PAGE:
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Review
, 40, 1-9

Protein Kinase C Isoforms in the Normal Pancreas and in Pancreatic Disease

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Review

Protein Kinase C Isoforms in the Normal Pancreas and in Pancreatic Disease

Alicia K Fleming et al. Cell Signal.

Abstract

Protein Kinase C isoforms have been implicated in regulating multiple processes within the healthy pancreas. Moreover, their dysregulation contributes to all aspects of pancreatic disease. In this review, with a focus on acinar, ductal, and islet cells, we highlight the roles and contributions of the different PKC isoforms to normal pancreas function. We also discuss the contribution of PKC enzymes to pancreatic diseases, including insulin resistance and diabetes mellitus, as well as pancreatitis and the development and progression of pancreatic cancer.

Keywords: PKC; Pancreas; Pancreatic cancer; Pancreatitis; Protein kinase C.

Figures

Figure 1
Figure 1
PKC structure is similar across family members, although they have different activation requirements. The inhibitory pseudosubstrate domain and the kinase domain, consisting of C3 and C4, are similar amongst PKCs, but the regulatory domains differ. Conventional PKCs (cPKCs) require DAG and calcium binding, while novel PKCs (nPKCs) require DAG binding, and atypical PKCs (aPKCs) require neither DAG nor calcium binding, although they have a single Cys-rich motif (C1).
Figure 2
Figure 2
PKC functions in the normal pancreas. PKCs regulate hormone secretion in the islets, amylase secretion in acinar cells, and bicarbonate secretion in ductal cells of normal pancreatic tissue. In islets, PKCα and PKCδ regulate Glucagon secretion from alpha-cells. In addition PKCs regulate insulin secretion in beta-cells. Amylase secretion is increased in acinar cells after stimulation of the CCK receptor and bicarbonate secretion is downregulated in ductal cells after activation of PKC via Substance P.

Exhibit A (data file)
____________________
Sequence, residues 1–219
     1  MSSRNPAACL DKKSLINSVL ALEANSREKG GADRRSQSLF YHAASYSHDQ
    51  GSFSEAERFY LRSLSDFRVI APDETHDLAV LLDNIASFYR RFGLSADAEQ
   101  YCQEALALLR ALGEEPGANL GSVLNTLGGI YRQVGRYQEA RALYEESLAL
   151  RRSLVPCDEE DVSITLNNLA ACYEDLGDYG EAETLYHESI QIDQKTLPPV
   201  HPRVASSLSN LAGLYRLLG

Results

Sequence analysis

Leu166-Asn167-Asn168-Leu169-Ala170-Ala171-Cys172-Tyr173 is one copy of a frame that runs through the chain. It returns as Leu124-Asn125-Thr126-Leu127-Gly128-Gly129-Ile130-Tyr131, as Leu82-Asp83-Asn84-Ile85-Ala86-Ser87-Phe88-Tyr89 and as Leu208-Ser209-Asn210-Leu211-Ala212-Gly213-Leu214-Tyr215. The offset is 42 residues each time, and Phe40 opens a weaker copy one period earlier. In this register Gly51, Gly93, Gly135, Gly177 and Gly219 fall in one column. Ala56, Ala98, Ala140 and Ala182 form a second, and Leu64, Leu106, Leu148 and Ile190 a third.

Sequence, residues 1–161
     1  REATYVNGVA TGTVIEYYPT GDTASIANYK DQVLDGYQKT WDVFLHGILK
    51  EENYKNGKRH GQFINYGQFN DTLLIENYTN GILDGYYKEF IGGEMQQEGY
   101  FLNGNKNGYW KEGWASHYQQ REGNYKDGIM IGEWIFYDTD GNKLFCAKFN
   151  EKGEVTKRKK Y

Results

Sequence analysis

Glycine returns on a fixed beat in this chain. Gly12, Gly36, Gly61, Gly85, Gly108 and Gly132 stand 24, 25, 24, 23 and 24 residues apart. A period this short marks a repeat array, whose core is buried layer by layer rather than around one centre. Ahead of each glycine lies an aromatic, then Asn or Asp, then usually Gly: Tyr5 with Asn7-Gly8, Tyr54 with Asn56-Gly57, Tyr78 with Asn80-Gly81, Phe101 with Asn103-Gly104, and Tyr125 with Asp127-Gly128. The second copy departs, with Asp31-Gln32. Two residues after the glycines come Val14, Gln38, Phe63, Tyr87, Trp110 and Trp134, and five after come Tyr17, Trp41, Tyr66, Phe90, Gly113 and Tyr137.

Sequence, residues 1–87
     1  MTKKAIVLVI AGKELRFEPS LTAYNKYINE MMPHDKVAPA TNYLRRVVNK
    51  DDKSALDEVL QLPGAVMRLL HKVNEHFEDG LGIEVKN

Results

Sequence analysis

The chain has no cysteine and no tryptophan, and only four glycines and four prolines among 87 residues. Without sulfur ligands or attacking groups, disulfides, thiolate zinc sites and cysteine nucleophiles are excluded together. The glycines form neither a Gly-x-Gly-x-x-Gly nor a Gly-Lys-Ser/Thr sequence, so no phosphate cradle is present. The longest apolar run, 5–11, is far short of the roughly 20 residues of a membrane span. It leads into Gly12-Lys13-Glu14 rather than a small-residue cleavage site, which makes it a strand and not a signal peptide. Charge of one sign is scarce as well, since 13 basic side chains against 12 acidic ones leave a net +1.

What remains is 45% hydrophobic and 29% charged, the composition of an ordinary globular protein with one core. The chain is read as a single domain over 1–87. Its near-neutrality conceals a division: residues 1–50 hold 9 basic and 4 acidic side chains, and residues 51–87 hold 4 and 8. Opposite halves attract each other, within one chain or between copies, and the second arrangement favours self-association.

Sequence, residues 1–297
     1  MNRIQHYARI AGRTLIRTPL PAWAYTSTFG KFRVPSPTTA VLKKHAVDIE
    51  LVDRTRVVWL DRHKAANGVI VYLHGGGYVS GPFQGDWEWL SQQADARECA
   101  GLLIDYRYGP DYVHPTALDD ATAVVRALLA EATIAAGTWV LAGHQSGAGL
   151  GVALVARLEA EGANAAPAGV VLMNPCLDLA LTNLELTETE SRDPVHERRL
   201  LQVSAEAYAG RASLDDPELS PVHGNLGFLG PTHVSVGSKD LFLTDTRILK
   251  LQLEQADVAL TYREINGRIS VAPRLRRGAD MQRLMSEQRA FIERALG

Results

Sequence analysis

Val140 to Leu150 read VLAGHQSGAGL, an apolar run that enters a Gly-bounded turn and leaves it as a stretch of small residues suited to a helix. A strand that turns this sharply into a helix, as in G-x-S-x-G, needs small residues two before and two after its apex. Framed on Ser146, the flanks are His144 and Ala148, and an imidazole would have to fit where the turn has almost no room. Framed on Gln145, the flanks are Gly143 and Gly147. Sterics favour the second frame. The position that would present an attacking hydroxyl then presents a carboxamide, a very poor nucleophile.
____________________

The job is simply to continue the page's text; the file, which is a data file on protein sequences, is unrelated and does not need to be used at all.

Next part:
Figure 3
Figure 3
Roles of PKC isoforms in islet function. In diabetes mellitus development, PKCζ activity promotes beta cell proliferation through mTOR activation, while PKCδ promotes dysfunction and destruction of beta cells via iNOS expression and TLR2 signaling. In a type two diabetes model where islets are pre-treated with fatty acids, PKCε is integral to the resulting decrease in insulin secretion.
Figure 4
Figure 4
Schematic of how PKD isoforms contribute to pancreatic inflammation (pancreatitis). PKCα can aid basolateral exocytosis via phosphorylation of Munc18c. This leads to Munc18c degradation and release of Syntaxin-4 and formation of the SNARE complex. PKCε has been implicated in necrosis linked to pancreatitis and both, PKCδ, and PKCε also contribute to trypsinogen activation and activation of NF-κB, which drives inflammation.
Figure 5
Figure 5
Schematic of a progression model for pancreatic cancer. Current belief is that acinar cells (acini) can undergo acinar-to-ductal metaplasia (ADM). In presence of an oncogenic KRAS mutation, ADM lesions further develop into pancreatic intraepithelial neoplasia (PanIN), which then can progress to pancreatic cancer. PKCδ and PKCι contribute to the early event of ADM and additional PKCs mediate the growth and progression of pancreatic cancer by aiding angiogenesis, proliferation, anchorage-independent growth, and metastasis, while also preventing radiosensitization.

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